The familiar melody and words have been going through my head for days …
“Here I raise my Ebenezer;
Hither by Thy help I’m come;
And I hope, by Thy good pleasure,
Safely to arrive at home.
Jesus sought me when a stranger,
Wandering from the fold of God;
He, to rescue me from danger,
Interposed His precious blood.”
(from the hymn, Come Thou Fount)
And then comes the next stanza …
“O to grace how great a debtor
Daily I’m constrained to be!
Let that grace now like a fetter,
Bind my wandering heart to Thee.
Prone to wander, Lord, I feel it,
Prone to leave the God I love;
Here’s my heart, O take and seal it,
Seal it for Thy courts above.”
I’m reading Born to Wander by Michelle Van Loon and she brings the wonderful reminder that we are all pilgrim travelers, with a clear purpose, a secure identity, and a safe resting place in God.
“Wandering” has been defined as “moving from place to place without a fixed plan; roaming; having no permanent residence” (dictionary.com).
I’m not one to move about. I would say I have a permanent residence as we have lived in our current home for twenty seven years now and have no intentions of moving. Yet I have been on a pilgrimage my entire life, as have all of us.
“Blessed are those whose strength is in you, whose hearts are set on pilgrimage.”
(Psalm 84:5, NIV)
We are each set out on this pilgrimage from the day we draw our first breath. Every twist and turn of the road is meant to be a powerful compass directing us back to the place which is truly home.
Jesus unsettles us, nudging our souls from the comforts of home.
“He [Jesus] is calling us to un-settle and embrace a life of pilgrimage. He modeled it for us as He journeyed to the cross. Those who are settled and comfortable have no real incentives to follow Him. Nor are those who’ve wrapped themselves so firmly in the identity of exile they’ve learned to live in a bunker and sought salvation as a way of avoiding a world they don’t particularly like. (page 14)
But as author J.R.R. Tolkien noted. “Not all those who wander are lost”. Michelle Van Loon also observes, “You were born – and born again – to wander.”
She leads us through eleven chapters of “wandering”, each chapter bringing to life the story of pilgrimage in Scripture. She shares stories from her own life, transparently, to illustrate the common roots found in our wandering.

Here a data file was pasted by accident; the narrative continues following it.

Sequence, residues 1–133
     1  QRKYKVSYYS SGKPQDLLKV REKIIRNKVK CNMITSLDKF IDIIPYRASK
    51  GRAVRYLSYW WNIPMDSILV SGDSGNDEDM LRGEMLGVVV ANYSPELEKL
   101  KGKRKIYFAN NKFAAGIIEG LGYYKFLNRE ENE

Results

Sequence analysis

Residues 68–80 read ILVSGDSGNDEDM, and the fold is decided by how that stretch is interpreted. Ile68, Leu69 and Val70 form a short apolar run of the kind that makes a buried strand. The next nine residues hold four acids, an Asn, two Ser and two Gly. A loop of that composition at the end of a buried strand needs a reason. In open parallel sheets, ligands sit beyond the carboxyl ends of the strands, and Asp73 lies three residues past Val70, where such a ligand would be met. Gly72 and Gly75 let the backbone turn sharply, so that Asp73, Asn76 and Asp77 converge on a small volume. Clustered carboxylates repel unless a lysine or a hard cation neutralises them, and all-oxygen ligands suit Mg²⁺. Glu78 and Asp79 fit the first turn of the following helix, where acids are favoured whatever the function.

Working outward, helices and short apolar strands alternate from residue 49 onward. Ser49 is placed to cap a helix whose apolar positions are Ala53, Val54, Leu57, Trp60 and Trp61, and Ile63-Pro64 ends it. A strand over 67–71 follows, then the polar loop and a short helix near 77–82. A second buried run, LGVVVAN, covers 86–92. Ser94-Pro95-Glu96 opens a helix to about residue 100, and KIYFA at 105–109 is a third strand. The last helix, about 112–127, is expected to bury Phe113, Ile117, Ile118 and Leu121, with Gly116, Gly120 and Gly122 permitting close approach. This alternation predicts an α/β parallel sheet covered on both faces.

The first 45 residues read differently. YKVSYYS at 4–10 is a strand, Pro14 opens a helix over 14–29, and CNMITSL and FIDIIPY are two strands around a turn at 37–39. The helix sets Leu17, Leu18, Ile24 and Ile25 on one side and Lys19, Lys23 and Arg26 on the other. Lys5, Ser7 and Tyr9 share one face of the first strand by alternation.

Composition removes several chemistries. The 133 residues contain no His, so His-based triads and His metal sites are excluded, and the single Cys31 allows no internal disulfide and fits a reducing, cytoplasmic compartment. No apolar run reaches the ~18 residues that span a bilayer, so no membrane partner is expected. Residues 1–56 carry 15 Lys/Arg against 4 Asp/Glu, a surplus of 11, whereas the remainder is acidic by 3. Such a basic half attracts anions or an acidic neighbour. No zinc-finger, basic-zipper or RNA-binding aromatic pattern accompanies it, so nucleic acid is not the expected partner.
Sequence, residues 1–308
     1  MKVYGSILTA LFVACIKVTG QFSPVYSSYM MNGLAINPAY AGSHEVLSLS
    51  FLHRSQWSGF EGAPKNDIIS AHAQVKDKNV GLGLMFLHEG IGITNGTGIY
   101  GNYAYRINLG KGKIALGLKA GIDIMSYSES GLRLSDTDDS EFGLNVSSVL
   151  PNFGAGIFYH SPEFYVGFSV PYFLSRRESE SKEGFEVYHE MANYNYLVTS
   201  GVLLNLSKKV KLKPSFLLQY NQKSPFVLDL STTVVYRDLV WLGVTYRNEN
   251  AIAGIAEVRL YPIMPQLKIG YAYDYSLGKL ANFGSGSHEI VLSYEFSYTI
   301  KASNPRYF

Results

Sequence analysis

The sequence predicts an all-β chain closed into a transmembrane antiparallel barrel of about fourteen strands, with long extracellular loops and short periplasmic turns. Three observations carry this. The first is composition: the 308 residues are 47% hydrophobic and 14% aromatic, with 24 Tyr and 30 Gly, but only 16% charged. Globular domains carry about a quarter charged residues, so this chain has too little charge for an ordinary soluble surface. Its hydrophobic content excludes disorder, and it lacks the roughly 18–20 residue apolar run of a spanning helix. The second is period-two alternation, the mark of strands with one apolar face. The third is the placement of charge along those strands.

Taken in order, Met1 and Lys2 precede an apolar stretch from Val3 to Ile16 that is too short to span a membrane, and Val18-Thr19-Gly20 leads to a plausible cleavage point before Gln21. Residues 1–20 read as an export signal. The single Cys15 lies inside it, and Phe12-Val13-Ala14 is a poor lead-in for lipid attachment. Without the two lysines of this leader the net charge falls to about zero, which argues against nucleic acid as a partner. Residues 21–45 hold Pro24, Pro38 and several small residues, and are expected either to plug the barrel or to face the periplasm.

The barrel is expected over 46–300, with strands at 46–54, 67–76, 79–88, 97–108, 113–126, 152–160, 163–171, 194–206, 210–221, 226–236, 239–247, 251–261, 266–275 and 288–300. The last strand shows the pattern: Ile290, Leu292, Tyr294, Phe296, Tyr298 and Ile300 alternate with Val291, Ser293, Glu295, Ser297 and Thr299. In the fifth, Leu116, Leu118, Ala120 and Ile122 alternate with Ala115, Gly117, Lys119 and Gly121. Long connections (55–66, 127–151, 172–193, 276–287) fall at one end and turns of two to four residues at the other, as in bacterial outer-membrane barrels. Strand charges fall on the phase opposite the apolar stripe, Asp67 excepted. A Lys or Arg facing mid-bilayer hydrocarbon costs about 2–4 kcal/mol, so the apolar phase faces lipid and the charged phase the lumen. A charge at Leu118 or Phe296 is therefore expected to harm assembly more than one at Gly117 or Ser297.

She closes the first chapter with an insight and question designed to pull the reader into this most thought provoking book:
“The ache of being uprooted is designed to graft us into the One who made us. Uprooted-ness is an uncomfortable identity and not one most of us would choose for ourselves.
Early church fathers said the state of humankind was that of the homo viator (traveler, pilgrim). We have been born to wander. The questions of where we’re from or where we’re going are clarified by this truth. They become: “Are we moving toward God or wandering away from him!””
The book is beautifully written,Â explaining Jewish terms often hidden from those without a Jewish heritage, bringing the familiar stories of the the Israelites and their wilderness wanderings to life with new insights.
The idea of wandering continues into the lives of believers today as well. Jesus invites us each to journey with Him:
“He Himself is on the road we travel and is our companion on the way. And He is our destination, calling us to come to Him.
We were born to wander, but we are born again to wander home.”
(from page 173)
“He who is the faithful witness to all these things says, “Yes I am coming soon!”
Amen! Come, Lord Jesus!”
(Revelation 22:20, NLT)
*I was provided a copy of this book by Moody Publishers for review.Â All opinions are honest and my own.Â This post contains affiliate links.Â If you click through and make a purchase, I will receive a small percent at no additional cost to you.